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This seems to be a thorough explanation:

Posted by not one | December 19, 2006 1:19 PM

That's it? I still don't get it. Since when do Korean cops—any cops—give a crap about the anxieties of middle-aged women?

Posted by Brendan Kiley | December 19, 2006 1:57 PM

At least they were in Korea and not Singapore.

Posted by elswinger | December 19, 2006 1:59 PM

The pain of this particular racist caricature is that it is a figure that should be familiar and known to any Korean-- the ajumma is often our own mother or grandmother. At times she may be cheap, loud, and a generally abrasive battleaxe of a woman-- but she is a well loved one. Ajummas, at least in my family-- worked tirelessly to keep my family safe, fed and secure through the Korean war, numerous immigrations and in transition to life in the U.S.

I could spend a great deal more time getting into the specifics, but my point is that people who have not known the strength and devotion of such a woman really have no business mocking one-- they can only express their own racialized exasperation/ignorance as an attempt at comedy.

For the record, I think that the Korean police are overreacting. And without specific information about their act, I can only dismiss it in the abstract.

For a classic example of the "ajumma" character, you might refer (painfully) to MadTV. There's a recurring character (played by a white actress,) a cheap old asian woman who is often inscrutable and violently demanding/assertive. In addition to that age-old racist charicature, MadTV mixed it up with a lot of "rappin' Granny" style hilarity.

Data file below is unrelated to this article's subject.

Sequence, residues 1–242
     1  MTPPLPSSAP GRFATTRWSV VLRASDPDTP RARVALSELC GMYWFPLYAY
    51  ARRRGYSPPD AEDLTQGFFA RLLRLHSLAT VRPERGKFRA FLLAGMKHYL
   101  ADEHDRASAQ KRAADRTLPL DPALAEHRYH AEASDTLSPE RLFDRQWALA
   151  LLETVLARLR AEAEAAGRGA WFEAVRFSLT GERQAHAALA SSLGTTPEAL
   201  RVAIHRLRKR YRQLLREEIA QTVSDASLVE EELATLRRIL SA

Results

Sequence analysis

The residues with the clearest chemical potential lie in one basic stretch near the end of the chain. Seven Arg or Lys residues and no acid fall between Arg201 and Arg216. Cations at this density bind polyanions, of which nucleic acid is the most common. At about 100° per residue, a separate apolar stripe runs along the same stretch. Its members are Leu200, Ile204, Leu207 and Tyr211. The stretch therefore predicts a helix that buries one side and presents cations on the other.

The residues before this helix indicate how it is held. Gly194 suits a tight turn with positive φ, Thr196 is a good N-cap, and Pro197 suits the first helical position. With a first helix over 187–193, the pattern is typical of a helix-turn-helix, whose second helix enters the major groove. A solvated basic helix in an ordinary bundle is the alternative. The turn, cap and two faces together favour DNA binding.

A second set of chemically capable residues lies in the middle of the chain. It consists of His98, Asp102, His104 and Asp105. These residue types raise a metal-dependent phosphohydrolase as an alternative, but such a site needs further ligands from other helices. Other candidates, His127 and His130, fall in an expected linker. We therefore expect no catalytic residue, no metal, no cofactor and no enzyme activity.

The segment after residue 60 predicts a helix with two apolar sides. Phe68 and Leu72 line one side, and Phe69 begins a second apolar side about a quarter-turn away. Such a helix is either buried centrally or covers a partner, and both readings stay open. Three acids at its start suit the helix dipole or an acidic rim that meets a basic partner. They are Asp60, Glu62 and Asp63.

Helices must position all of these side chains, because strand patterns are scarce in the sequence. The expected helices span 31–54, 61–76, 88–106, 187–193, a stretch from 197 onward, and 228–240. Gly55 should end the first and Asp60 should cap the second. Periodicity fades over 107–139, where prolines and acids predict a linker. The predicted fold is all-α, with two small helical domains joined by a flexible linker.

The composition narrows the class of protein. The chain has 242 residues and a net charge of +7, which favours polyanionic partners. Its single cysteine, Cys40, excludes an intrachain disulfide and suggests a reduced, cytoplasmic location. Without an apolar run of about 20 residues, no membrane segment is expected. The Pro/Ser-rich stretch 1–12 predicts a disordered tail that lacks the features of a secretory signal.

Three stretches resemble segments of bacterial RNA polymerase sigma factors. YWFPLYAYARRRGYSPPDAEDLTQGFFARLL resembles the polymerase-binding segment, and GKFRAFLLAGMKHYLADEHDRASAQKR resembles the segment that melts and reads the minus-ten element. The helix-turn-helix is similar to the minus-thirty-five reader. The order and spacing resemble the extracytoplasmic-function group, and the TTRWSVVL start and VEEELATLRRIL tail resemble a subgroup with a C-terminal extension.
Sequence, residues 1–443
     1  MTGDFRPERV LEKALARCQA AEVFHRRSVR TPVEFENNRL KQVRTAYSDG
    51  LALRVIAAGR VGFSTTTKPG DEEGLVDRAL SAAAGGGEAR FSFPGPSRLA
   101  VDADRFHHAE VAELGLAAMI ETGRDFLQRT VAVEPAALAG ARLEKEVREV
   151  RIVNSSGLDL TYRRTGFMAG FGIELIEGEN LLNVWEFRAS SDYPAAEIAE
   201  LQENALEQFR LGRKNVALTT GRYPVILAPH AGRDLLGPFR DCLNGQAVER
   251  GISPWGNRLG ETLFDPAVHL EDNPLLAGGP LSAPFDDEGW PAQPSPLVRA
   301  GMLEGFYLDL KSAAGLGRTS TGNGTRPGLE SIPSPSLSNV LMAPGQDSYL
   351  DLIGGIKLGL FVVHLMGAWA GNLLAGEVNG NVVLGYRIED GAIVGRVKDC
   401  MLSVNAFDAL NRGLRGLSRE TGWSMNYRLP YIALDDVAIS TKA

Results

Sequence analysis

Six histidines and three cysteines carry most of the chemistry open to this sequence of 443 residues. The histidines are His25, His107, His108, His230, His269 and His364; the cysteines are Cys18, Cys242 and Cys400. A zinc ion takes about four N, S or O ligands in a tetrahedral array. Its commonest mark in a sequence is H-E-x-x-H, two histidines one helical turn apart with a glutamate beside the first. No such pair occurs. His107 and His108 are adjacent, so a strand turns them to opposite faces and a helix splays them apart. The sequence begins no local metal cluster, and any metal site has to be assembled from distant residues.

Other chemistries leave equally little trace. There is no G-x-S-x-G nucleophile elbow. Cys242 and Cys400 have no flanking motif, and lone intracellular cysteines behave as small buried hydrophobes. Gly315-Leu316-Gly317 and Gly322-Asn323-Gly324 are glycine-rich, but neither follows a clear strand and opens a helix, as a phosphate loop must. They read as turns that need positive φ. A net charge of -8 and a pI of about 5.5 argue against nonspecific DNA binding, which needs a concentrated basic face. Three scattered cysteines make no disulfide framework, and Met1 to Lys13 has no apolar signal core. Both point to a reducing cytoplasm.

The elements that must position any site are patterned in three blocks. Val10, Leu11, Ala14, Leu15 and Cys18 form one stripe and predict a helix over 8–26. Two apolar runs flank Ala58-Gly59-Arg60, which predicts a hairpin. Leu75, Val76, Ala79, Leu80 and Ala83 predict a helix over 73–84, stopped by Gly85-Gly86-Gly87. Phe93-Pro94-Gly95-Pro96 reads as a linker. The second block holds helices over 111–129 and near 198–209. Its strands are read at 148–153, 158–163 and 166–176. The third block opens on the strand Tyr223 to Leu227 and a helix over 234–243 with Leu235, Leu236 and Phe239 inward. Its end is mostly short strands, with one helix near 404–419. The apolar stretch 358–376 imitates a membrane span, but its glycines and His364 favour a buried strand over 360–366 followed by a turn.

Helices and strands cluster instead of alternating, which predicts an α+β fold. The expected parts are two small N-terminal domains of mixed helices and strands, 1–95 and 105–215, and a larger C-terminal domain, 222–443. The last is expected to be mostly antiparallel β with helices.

Posted by christopher hong | December 19, 2006 2:30 PM

The short, dissertation free answer: Korea is a society where issues such as what is taboo, pornography, and the profane have their standards set by the aged and not youths. Even the 50 year olds are too young to be trusted with the social policy. By aged I mean the senior most citizens... think about how old the Chinese leadership tends to be (as opposed to the US leadership) and you are on the right line of thinking. To get on the "Ajumma" track, think of the group as having the chutzpah of the US "Soccer Mom" stereotype, combined with real political clout of the AARP or even the "Grey Panthers". Also, for those of religious bent, this society holds that the older you are by the time you die, the more special powers you get when you die. You get to do good things for your family (such as those who wash your tombstone regularly) and send down curses on those who did not listen and respect the old person while they were alive or speak smack about them when they are dead. There are a lot of religious people in that country.

OH, that, and maybe they were arrested for the fact that it is a country which, kind of like certain places in the US, does not cotton to outsiders coming around, breaking immigration visas, earning money which is in effect “under-the-table” and trampling on the communities' morals, morays and taboos to boot. As the saying goes: they are a long way from home.

Posted by Phenics | December 19, 2006 2:56 PM

Are we sure this isn't just rampant anti-Americanism?

Posted by Fnarf | December 19, 2006 3:29 PM

Titling a performance "Oriental Story" is about as offensive as KKKramer screaming "Nigger!" at the top of his lungs. Who the fuck still uses that word? And why is ramen still Oriental-flavored? Do I taste like ramen? So many unanswerable questions.